EU forced to delay roll-out of Pfizer vaccine after cold storage issues

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EU forced to delay roll-out of Pfizer vaccine after cold storage issues

The bloc has received its first doses of the vaccine from pharmaceutical company Pfizer, however, Spain’s health ministry said the company had been

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The bloc has received its first doses of the vaccine from pharmaceutical company Pfizer, however, Spain’s health ministry said the company had been unable to deliver to eight European countries because of a “problem in the loading and shipment process” at its factory in Belgium. The difficulties were then found to be due to complications in keeping the doses cold enough. Spain’s health minister, Salvador Illa, said deliveries had been delayed by one day because of the issue.

The health minister said it was “linked to the control of the temperature” of doses.

The Pfizer vaccine needs to be kept at minus 70C.

To transport the vaccine must be packed in dry ice boxes.

At distribution points, it can then be stored at between 2-8C for a maximum of five days.

Andrew Widger, a Pfizer spokesman, said: “Due to a minor logistical issue, we have rescheduled a limited number of our deliveries.

“The logistical matter has been resolved and those deliveries are now being dispatched.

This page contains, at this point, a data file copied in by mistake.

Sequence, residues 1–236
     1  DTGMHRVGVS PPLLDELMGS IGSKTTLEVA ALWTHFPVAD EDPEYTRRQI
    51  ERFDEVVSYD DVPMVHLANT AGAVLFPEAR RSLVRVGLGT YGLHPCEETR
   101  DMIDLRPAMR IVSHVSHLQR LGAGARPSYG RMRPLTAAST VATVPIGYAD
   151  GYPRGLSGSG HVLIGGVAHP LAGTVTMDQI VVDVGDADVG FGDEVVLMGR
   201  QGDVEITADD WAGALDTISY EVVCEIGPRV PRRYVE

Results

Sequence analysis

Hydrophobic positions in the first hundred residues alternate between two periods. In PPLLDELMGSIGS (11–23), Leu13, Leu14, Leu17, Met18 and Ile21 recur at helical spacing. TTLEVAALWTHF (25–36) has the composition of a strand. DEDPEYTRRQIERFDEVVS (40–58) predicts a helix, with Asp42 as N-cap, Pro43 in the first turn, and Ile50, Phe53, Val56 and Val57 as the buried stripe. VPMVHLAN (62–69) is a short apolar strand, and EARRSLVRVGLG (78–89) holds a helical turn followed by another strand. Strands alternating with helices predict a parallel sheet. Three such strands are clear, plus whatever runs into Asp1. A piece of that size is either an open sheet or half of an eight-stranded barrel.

“There are no manufacturing issues to report.”

Pfizer did not elaborate as to which EU states the vaccine could not be delivered to.

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The vaccine has also been delayed in several German cities because of cold storage issues.

German temperature tracking equipment indicated that 1,000 doses may have risen above 8C after leaving distribution points, causing them to become ineffective.

The EU has said it will purchase two billion vaccine doses from different firms to be administered to all adults during 2021.

This news boosted spirits on the continent as a new strain of the deadly pathogen spreads rapidly.

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Meanwhile, deaths in Germany from the virus have increased causing the government to consider extending their lockdown into mid-January.

German federal interior minister Horst Seehofer said it was too soon for Germany to relax its lockdown.

Speaking to the Bild am Sonntag newspaper, he said: “If the lockdown works and the numbers go down, then we cannot risk everything we have achieved with the swift loosening of the rules, otherwise it will all begin anew.

“And if the lockdown hasn’t had enough of an effect, the measures must be tightened.

“We have to prevent a third wave at any cost.”



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